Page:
Thus, if a solution requires a dilution, the active drug in the solution will remain constant, but the volume will increase. [4]


It is important to note that when two solutions have equal osmotic pressure and salt concentration, they are said to be isotonic. Normal saline has a concentration of 0.90% w/v of NaCl in sterile water and therefore is an isotonic crystalloid.[5]

Percent Strength[6]:

Percent strength represents the number of grams contained in 100 mL of product and is very useful in pharmacy calculations.

The following units express percent based on the nature of the ingredient:

Percent Weight in Volume (w/v): Is the number of grams in 100 mL of solution and is expressed as %w/v.  Powdered substances suspended in a liquid vehicle would be calculated as w/v. 

Percent Volume in Volume (v/v): Is the number of milliliters in 100 mL of solution and is expressed as %v/v.  A liquid component in a liquid preparation would be calculated on a v/v basis.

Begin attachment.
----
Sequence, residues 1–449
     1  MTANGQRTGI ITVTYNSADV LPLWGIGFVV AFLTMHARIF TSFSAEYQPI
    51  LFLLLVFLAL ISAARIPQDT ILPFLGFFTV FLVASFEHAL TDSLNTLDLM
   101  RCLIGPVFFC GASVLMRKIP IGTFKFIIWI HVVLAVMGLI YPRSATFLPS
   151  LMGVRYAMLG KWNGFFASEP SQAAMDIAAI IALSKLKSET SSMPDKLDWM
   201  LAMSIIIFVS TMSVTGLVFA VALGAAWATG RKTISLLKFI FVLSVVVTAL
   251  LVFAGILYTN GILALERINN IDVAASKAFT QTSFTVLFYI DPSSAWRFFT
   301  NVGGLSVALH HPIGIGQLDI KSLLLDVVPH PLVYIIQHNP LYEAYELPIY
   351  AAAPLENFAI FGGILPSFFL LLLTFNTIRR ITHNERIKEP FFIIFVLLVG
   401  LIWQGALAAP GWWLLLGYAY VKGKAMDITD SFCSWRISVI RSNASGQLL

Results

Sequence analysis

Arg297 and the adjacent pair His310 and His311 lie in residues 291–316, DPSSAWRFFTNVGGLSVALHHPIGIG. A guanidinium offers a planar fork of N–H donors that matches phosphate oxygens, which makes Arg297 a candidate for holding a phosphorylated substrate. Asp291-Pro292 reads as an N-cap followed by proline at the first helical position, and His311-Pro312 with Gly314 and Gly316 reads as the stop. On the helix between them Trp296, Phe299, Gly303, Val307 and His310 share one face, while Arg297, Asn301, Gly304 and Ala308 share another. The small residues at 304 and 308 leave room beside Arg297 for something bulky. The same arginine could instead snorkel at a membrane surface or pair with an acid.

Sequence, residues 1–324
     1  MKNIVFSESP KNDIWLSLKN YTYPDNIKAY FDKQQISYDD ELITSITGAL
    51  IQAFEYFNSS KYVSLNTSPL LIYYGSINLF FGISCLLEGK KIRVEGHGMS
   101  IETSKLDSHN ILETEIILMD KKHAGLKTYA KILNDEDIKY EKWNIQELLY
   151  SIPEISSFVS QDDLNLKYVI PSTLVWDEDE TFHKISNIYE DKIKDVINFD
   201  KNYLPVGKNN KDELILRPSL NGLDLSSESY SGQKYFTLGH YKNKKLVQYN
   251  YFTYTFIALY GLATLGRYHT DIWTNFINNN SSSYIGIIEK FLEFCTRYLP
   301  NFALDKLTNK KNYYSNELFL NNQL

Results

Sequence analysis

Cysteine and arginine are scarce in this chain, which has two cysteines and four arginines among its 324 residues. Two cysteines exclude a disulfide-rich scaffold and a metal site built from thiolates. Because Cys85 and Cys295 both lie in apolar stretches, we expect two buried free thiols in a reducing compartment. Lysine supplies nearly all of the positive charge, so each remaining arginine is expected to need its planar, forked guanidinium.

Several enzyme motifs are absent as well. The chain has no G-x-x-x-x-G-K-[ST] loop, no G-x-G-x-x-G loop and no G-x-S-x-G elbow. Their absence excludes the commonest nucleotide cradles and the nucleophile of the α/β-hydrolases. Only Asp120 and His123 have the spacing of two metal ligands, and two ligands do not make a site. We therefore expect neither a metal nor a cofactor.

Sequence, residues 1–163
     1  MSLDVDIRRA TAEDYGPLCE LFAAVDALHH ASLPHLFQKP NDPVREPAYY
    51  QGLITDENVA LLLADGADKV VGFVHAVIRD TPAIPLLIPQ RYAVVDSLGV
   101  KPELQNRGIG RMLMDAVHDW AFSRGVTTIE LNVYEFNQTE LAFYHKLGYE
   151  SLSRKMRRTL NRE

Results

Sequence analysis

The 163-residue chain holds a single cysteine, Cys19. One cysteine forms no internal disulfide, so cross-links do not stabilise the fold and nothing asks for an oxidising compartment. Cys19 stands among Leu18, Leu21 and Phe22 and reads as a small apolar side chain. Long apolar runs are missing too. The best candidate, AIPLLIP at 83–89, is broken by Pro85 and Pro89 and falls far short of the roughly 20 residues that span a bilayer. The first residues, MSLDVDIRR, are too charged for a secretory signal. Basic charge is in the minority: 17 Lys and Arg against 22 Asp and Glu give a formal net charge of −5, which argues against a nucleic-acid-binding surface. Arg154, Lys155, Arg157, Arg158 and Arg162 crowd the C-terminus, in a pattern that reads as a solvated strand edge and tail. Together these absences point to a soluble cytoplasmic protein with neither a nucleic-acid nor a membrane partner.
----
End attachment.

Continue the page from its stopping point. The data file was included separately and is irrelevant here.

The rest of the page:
Percent weight in weight (w/w): Is the number of grams in 100 grams of solution and is expressed as %w/w.  Powdered substances mixed with a solid or semisolid (ointments) would be calculated as w/w.

Issues of Concern

Accurate pharmacy calculations prevent medical errors; underdosing a patient may lead to inadequate treatment, and overdosing a patient may lead to drug toxicity.

Additionally, pharmacy calculations require the knowledge of commonly used units; certain medications are dispensed in metric system units such as mg or mL, whereas others may be dispensed in other measurement systems.  Vitamin D, for instance, is administered in International Units.[7]

Drugs may be administered through various routes of administration, oral, IV, IM, parenteral, etc.; these factors must be accounted for when computing calculations and consistency when converting units across different measurement systems is important in maintaining accuracy in pharmacy calculations. This issue also impacts patient care as patients may use the household and avoirdupois systems when using their medications (teaspoons and tablespoons), although the medication was dispensed in mL.  It is important to know units within each system (such as 1 pound = 16 ounces).  quantity, conversions are required between the US Customary System and the metric unit system.[8] Some commonly used conversions are: